Sadge wrote:Thanks everyone for your support.
I reckon I'm making this sound worse than it is!
Think I'm over the hump with nicotine, feeling much calmer today. Man. I have nothing else to give up! Amazing!
Nothing else to give up!? Come on now, there's plenty....like all those defilements in your head.
Yeah, well said. In my experience of the path, it's a process of gradually 'giving things up', renouncing or abstaining from things, letting them go, peeling them off -- but the other side of that process is you're likely to discover or re-discover other things that are more helpful, whether that be meditation, friendship, dana, etc.
Alcohol/intoxicants and nicotine have been problematic for me at various times. And in the past when I 'took a break' from them for an extended period, I had the problem of struggling to enjoy myself or relate to others without them. But I've found this becomes less of a problem the more I deepen my practice -- the more I cultivate mindfulness, compassion, equanimity, etc.
Anyway Sadge, I congratulate you on giving up the booze and the smokes.
I definitely feel a lot better for having given them up.
manas wrote:nicotine isn't a 'drug that leads to heedlessness', so I would say that if you were only smoking you could count that at being '100% sober'. While I'm also trying to cut down on smoking, I don't regard it as intoxication. It doesn't give me either a high or a trip, just a brief head rush, which is a purely physical phenomenon. And while smoking tobacco long term can harm your body, it won't harm your mind in the way that alcohol does.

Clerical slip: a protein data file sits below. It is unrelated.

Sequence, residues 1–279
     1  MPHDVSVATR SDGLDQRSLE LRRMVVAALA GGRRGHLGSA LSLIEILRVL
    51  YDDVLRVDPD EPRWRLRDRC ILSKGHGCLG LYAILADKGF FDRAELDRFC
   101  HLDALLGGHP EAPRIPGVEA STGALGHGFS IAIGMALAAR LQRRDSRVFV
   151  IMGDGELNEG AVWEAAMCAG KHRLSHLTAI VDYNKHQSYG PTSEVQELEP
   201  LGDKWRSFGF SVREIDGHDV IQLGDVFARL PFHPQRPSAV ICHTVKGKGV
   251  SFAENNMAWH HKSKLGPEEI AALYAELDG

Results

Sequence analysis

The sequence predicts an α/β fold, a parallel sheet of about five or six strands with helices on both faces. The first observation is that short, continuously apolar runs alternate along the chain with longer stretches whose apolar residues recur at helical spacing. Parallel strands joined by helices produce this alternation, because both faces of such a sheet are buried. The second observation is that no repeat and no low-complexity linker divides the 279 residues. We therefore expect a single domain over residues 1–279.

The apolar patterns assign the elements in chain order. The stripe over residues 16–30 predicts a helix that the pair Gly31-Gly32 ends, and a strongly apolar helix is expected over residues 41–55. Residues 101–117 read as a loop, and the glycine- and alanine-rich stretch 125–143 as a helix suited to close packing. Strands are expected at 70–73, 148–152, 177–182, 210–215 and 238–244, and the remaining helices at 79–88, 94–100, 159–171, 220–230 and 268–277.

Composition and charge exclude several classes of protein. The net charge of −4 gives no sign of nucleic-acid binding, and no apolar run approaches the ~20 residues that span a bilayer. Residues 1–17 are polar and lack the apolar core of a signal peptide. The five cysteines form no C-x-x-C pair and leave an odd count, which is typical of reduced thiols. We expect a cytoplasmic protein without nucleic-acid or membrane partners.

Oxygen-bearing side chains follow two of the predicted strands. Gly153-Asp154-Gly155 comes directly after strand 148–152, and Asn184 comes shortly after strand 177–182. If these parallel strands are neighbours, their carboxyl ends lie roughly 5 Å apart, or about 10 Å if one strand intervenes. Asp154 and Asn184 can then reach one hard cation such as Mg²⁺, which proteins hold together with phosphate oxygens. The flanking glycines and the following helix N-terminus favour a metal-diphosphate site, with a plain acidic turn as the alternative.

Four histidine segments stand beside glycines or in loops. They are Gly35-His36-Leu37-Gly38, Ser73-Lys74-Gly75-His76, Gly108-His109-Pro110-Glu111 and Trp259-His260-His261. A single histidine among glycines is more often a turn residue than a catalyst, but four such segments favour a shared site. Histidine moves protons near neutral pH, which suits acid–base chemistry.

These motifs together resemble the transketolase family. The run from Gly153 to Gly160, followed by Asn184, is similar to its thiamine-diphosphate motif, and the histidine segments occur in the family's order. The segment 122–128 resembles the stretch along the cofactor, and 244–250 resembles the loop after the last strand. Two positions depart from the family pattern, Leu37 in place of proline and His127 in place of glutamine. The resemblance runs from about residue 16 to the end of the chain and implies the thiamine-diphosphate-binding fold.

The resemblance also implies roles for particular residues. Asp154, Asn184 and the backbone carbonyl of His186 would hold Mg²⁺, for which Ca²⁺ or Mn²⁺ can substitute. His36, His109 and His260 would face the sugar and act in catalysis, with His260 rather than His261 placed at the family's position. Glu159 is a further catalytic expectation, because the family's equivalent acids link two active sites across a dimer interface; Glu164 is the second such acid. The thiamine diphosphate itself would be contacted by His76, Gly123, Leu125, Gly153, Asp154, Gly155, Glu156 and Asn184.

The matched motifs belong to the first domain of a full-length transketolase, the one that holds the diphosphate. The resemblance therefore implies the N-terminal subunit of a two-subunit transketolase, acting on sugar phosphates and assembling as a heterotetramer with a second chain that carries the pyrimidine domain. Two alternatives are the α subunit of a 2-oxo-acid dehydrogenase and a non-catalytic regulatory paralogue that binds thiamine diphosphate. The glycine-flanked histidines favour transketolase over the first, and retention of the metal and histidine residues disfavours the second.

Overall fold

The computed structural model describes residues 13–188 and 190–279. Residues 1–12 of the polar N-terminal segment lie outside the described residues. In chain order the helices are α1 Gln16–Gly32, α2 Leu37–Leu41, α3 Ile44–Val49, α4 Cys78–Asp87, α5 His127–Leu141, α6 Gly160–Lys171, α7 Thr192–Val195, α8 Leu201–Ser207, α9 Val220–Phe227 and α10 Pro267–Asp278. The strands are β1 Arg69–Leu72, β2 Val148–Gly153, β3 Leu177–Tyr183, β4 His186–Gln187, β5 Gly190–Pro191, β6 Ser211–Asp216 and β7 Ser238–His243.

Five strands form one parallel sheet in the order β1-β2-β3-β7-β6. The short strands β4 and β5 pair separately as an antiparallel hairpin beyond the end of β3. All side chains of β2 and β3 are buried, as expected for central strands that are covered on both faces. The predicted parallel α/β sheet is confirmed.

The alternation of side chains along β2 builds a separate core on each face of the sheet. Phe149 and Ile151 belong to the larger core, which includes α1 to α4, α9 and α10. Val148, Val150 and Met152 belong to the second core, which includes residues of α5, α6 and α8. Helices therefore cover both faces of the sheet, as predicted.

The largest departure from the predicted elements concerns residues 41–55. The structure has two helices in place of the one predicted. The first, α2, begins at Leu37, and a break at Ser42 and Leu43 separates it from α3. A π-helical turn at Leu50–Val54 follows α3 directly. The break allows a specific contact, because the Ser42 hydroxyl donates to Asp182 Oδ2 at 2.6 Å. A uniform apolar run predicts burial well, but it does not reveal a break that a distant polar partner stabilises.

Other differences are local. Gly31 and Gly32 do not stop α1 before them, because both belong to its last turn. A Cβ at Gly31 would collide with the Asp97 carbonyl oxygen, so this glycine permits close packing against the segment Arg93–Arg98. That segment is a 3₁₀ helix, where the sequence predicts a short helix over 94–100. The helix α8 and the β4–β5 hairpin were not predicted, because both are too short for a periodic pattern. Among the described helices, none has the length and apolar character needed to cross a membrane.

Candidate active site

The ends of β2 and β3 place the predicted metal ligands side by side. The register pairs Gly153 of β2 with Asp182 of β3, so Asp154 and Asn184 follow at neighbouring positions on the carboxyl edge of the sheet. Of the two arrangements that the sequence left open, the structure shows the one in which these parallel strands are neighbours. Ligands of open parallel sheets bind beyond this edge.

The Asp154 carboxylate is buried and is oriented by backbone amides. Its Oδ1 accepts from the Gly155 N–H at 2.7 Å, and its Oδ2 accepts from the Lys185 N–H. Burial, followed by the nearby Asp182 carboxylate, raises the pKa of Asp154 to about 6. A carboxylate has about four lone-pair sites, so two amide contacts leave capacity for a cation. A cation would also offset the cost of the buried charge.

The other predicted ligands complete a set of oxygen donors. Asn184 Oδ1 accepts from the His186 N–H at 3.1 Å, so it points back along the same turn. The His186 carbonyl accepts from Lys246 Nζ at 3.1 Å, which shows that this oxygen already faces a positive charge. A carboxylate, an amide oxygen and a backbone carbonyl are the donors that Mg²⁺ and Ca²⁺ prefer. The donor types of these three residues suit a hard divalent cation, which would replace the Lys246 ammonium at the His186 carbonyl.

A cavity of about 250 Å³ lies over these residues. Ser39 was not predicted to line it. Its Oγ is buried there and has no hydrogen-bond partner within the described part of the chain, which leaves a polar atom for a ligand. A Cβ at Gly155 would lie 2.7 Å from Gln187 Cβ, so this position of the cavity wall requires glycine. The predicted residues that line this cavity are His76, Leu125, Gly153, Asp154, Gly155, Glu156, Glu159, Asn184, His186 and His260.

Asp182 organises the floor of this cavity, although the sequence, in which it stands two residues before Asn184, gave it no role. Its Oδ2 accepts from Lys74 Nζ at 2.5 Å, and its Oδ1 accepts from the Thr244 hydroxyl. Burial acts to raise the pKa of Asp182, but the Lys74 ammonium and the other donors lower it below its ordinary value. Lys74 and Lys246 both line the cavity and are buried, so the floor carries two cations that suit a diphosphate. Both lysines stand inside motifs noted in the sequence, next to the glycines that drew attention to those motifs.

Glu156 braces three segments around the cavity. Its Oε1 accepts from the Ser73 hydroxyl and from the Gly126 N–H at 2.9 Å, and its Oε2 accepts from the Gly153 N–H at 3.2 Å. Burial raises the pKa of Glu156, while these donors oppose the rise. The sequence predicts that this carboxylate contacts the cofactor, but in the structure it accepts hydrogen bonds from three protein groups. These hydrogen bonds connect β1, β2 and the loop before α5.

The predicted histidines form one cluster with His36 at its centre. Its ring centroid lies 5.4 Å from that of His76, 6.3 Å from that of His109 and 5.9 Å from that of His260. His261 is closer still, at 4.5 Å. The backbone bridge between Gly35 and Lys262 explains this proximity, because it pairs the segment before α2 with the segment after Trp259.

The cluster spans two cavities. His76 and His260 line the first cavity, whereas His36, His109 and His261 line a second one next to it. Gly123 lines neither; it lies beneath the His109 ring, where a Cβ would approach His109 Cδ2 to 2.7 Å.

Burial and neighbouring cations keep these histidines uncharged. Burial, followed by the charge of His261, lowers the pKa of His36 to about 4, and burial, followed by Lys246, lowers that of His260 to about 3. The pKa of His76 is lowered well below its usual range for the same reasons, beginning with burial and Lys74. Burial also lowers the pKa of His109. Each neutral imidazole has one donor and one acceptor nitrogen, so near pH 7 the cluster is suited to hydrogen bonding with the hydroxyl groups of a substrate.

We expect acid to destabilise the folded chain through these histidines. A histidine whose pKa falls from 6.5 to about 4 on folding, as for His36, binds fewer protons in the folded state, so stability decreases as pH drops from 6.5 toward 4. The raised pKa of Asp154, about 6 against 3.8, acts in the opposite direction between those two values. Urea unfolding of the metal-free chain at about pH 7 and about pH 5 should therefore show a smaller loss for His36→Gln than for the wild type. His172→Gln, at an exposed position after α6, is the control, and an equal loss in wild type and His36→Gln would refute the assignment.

In my experience I've found it difficult to separate what's physical from what's mental when it comes to something like a nicotine 'head rush'. And while I agree in a sense that smoking tobacco 'won't harm your mind in the way that alcohol does', I'd say that smoking tobacco is still harmful for the mind -- certainly once you become addicted. I think back to all the cravings for a cigarette, the irritability that would arise if one couldn't smoke when one wanted to, how thoughts of smoking become so prevalent in the mind ... Looking back, I think such mind-states could at least contribute to some form of heedlessness. Or do you think I'm taking liberties with the definition of 'heedlessness' in terms of the fifth precept here?